Emergency Motion to Vacate and/or Nullify the Proceedings and Orders Including Defendants’ Motion for Sanctions Seeking Costs as Counsel Fees and Grant New Proceedings and/or Sanctions Including Resulting from the Tribunal’s and Defendants’ Admitted and Repeated Violations of the Code of Judicial Conduct and Rules of Professional Conduct Involving Improprieties and/or Appearance of Impropriety in the Captioned Proceedings Pursuant to Plaintiff’s Fundamental Constitutional and Legal Rights to Due Process, Equal Protection, Adequate Remedy, Administration of Right and Justice Without Sale, Denial or Delay, and a Fair and Impartial Decision Based on a Fair, Complete, Accurate and Impartial Record by a Competent Tribunal Having Jurisdiction to Decide the Issues under the United States Constitution 14th Amendment and Pennsylvania Constitution Art. I Sec. 1 and 11, Art. V Sec. 1, 5, 9, 10, and 17 and Applicable Law.

On August 30, 2011, the Honorable Paul Panepinto entered rules to show cause as to why the court should not grant the two motions and scheduled the rule returnable date for September 7, 2011.

Travelers filed an answer to the plaintiff’s emergency motion for sanctions on September 1, 2011, and filed a response to the motion to vacate or nullify proceedings on September 6, 2011. It appears that Judge Panepinto held a motions hearing on September 7, 2011.[17] After the hearing, the plaintiff filed another brief in opposition to Travelers’ motion for sanctions on September 9, 2011, which apparently compelled Travelers to file a surreply on September 14, 2011.

The plaintiff filed a supplemental motion and brief in support of her various motions on September 16, 2011. The plaintiff then filed a motion to have Judge Panepinto recuse himself from hearing the case on September 19, 2011. Travelers filed a response to the supplemental motion on September 30, 2011. The plaintiff filed a reply brief on October 7, 2011.

On October 13, 2011, Judge Panepinto entered orders (1) denying the plaintiff’s motion to vacate or nullify all proceedings, (2) denying the plaintiff’s motion to recuse, (3) denying the plaintiff’s emergency motion for sanctions, and (4) granting Travelers’ motion for a protective order precluding the plaintiff from seeking certain depositions. Judge Panepinto also entered an order granting Travelers’ motion for sanctions and ordered that the plaintiff and Murphy “are required to pay [Travelers] all costs and attorneys’ fees associated with the preparation and prosecution of the Petition for Special Injunction pursuant to Defendant’s Bill of costs to be submitted to this Court for approval within ten (10) days of the date of this order.” In the same order, Judge Panepinto required the plaintiff and Murphy to pay Travelers “all costs and attorneys[’] fees associated with the preparation and prosecution of the instant Motion for Sanctions upon presentation of Defendants’ Bill of Costs to be submitted to this Court for approval within ten (10) days of the date of this order.”[18]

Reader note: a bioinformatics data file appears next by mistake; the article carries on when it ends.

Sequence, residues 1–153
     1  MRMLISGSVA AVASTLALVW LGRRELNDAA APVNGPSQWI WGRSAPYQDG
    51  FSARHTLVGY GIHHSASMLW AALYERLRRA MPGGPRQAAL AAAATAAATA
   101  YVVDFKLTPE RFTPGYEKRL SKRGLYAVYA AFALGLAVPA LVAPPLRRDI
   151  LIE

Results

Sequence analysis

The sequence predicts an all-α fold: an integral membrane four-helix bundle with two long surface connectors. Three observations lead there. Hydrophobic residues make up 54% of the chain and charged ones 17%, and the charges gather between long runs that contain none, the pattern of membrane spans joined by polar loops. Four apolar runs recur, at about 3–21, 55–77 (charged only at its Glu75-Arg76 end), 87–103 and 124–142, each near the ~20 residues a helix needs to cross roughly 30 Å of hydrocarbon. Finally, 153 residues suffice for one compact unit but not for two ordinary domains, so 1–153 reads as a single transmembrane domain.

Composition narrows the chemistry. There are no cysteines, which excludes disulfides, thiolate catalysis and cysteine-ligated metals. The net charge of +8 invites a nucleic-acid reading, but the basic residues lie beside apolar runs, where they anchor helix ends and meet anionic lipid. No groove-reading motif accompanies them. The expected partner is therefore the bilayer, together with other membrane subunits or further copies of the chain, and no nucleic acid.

Travelers filed a bill of costs on October 26, 2011. The bill of costs indicates that Travelers incurred attorney’s fees and costs in the amount of $55, 600.41.

The plaintiff and Murphy filed an appeal from the aforementioned order (and other “interlocutory orders”) with the Superior Court on October 27, 2011.[19] On November 16, 2011, the plaintiff and Murphy filed exceptions, objections, and a motion to strike the bill of costs. It appears that the plaintiff unfortunately passed away on January 5, 2012.[20]

Travelers filed a motion to strike the plaintiff’s and Murphy’s exceptions and objections to the bill of costs on January 27, 2012. The plaintiff filed an answer to the motion to strike on February 15, 2012. Travelers filed a reply in support of the motion to strike on February 21, 2012, and the plaintiff filed a surreply brief on March 5, 2012. On March 8, 2012, the Honorable Leon W. Tucker entered an order dismissing (1) the plaintiff’s and Murphy’s objections, exceptions, and motion to strike bill of costs, and (2) Travelers’ motion to strike the plaintiff’s objections, exceptions, and motion to strike bill of costs. Predictably, the plaintiff and Murphy appealed from this order on March 27, 2012.[21]